The main point of this Article was to introduce the understanding of storyboarding and does so In a way I haven’t seen before. The article opens with how we use the term storyboarding and then introduce the most common way it’s used. When I think about storyboarding I think about a frame for a setting and then texts to express how the story would be told or how It would be perceived. I’ve only skimmed through the article but I already like how it’s introducing its readers to the word storyboarding. I find the introduction of this article the most interesting part, but I’m sure there’s more to come.

               Everything I read in this article grabbed my attention and had me hooked till the very end. Honestly, I haven’t been this engaged in reading for a long time until now, but this article does use a lot of materials I’ve already seen even though it’s to be expected. The article mentioned what Disney and how they pioneered the development of film and animation. From previous experience, I learned that Disney had already had a firm grip on animation and even today their progress seems never ending making new and innovative ways to produce different ways of making animation appealing to a wider range of radiances.

                I would most certainly use this article in my mastery and hopefully, I can appeal to my audience the same way the article appealed to me. What I would take away from this would be how I introduce my topics and whether or not can I apply a certain amount of information before they lose interest. For example, I liked how this article uses Disney instead of another company that may have died out.  Disney is such a well-known name that it could appeal to anyone without them wondering who is that. I would like to stay away from using Disney as an example seeing how many times it been tugged up, but this is to be expected when you’re trying to appeal to a wider audience who may not know much about a topic as you. Yes, I do plan on using this article in my mastery unless I find something far more interesting than this masterpiece.

Kevin Thorn, The Art of Storyboarding.cOPYRIGHT © 2016 BY THE ASSOCIATION FOR COMPUTING MACHINERY, INC.


Authors: Lena Prickett

           The main point about this articles was to help its readers achieve content efficiency. While researching for more information about storyboarding I found this post on a website. The post title stated How to Achieve Content Efficiency Mastery. While skimming through the post I   found that the information seemed viable but there was hardly any information about storyboarding and how it could help further progress on any subject you’re working on. The author did mention how to keep content flowing while maintaining a business. I found this interesting but I had no need to continue on reading from there.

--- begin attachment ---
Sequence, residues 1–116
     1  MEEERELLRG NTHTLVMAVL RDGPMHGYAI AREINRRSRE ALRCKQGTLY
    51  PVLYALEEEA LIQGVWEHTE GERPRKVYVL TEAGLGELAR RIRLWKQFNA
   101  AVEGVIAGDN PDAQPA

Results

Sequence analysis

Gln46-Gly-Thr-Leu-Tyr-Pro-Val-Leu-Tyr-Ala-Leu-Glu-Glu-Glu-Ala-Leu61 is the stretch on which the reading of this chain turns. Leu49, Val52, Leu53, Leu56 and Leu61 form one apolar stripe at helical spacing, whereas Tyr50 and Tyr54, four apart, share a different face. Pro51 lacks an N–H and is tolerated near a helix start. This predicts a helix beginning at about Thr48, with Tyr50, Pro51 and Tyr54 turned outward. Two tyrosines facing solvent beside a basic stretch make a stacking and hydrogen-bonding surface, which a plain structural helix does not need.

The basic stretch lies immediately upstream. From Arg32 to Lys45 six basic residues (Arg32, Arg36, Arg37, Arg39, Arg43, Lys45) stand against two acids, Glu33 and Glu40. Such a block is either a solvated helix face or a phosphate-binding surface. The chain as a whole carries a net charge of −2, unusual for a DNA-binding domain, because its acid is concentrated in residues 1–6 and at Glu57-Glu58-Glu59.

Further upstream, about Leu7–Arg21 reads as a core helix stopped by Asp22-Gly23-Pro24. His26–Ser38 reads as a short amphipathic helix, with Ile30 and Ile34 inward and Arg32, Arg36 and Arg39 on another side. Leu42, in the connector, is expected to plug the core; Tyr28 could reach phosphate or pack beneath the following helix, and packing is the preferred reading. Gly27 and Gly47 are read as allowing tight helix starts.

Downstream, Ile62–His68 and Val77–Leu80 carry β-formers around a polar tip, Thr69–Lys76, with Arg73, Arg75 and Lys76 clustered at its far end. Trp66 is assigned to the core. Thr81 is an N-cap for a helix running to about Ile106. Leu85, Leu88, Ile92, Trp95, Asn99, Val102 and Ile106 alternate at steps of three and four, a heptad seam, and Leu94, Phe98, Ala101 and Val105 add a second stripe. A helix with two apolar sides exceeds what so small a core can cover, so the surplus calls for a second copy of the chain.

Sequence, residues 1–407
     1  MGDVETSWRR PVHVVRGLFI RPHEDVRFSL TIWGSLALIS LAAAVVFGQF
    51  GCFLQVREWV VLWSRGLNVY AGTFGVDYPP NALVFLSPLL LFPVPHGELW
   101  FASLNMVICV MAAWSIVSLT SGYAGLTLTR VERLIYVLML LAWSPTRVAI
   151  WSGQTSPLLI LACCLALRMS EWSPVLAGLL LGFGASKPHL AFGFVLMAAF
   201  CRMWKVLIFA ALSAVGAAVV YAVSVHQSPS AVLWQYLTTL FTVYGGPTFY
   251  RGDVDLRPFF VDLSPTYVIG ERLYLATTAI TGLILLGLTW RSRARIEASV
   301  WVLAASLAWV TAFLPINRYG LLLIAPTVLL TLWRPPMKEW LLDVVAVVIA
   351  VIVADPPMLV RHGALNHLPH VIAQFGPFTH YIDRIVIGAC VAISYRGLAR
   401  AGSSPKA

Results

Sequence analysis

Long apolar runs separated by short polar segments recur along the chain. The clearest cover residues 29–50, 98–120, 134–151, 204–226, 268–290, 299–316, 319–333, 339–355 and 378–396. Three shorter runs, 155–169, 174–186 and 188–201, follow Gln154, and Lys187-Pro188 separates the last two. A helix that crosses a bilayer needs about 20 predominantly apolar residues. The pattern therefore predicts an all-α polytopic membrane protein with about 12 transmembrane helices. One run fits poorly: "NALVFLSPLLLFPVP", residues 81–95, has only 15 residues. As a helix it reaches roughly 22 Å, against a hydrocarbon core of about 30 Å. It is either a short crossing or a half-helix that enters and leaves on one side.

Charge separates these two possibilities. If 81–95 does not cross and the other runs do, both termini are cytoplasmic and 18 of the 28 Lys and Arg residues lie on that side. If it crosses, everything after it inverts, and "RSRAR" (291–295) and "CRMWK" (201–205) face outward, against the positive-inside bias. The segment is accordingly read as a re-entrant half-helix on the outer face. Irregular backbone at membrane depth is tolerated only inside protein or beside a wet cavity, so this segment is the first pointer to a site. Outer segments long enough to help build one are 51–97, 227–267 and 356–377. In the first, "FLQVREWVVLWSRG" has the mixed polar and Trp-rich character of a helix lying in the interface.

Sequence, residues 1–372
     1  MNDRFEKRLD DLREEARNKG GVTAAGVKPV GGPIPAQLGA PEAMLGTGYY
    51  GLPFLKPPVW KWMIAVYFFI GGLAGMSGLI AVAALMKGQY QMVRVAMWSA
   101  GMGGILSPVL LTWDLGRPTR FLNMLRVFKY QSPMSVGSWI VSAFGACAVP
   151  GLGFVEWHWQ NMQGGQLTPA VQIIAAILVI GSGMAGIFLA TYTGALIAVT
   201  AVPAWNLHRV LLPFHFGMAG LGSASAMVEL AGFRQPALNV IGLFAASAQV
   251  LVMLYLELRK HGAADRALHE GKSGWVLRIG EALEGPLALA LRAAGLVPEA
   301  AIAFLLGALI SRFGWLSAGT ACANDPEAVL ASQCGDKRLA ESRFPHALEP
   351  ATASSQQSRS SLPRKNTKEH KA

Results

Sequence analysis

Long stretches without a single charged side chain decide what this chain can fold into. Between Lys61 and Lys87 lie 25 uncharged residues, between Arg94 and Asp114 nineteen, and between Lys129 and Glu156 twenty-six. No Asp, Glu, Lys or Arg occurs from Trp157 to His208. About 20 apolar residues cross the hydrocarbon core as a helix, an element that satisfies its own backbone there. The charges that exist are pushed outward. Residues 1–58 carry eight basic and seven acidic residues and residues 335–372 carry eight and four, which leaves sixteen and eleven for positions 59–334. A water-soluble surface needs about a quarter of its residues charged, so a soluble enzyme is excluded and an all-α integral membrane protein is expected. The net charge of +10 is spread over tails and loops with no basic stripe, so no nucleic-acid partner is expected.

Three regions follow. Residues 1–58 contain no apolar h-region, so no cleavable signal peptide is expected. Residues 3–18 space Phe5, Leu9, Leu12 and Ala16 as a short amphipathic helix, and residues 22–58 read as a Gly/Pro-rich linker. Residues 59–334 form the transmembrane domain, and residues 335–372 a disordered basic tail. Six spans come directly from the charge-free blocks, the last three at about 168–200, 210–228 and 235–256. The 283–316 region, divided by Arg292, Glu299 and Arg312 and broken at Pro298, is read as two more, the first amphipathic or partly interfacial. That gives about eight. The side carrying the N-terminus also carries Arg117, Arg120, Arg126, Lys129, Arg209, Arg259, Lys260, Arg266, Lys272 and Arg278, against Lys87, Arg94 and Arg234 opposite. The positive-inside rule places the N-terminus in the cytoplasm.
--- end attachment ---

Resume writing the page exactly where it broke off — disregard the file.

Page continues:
I found this post by using google as a resource to help me look for information about my topic. I found myself on this web page while looking up storyboarding. This post was very insightful but  I didn’t need coaching on how to maintain a business, but I do believe the information here could be useful if I took one or two key points from it. I wouldn’t use this articles for my mastery but I could include some of the organization tips the author pointed out because I myself am not very organized and I could always learn a little more about time management.

            While reading through more of the articles I found that the majority of the information given could be used In my Digital Communication Standards. Time management, Organization, and tips about blogging are things I do in class. I may not be able to use the majority of this articles in my mastery, but I can definitely take some time for myself to explore better ways to improve myself as a person.

Lena Prickett, The Secret to Creating More Engaging Content.Copyright © 2016 Uberflip. All rights reserved.


Authors: Stephen Cavalier, Sylvain Chomet

               The main point of this book was to inform it’s readers about the Brief histories of world animation, the origins of animation, and the digital dawn. This book covered information from 1900-2010 in order to gather a substantial amount of info for cultural reference. Pre-1900 was when production for animations started taking off. During this time only two companies were experimenting with this new form of entertainment. The two had yet to compete for an audience but they were well ahead of their time. Inventing tools to assist them in their planning such as storyboarding. Though the concept of storyboarding was no secret it was the way how both businesses used them that was game changing.

             I found this book, Biography to be a lengthy read and a sea of information. If I didn’t have requirements to complete I could use this book four times over just with the different chapters I’ve already read. I found this book at my school’s library and on their Horry County

Ebscohost.com webpage. I think this book could be solely used to explain my senior mastery all on its own. I would most definitely use this book to assist me in my search for superiority.

             While skimming through the rest of the book I found some interesting information that I could use for other projects if needed. This alone has given me so many ideas that I could apply to my mastery that I don’t even know if I could fit it all in a manageable time. I haven’t finished the book yet but I’m definitely going to check it out again just to I pull more ideas from it.

Stephen Cavalier, Sylvain Chomet, The World History of Animation.cOPYRIGHT Roto Vision SA 2011.


Authors:  Perry Chen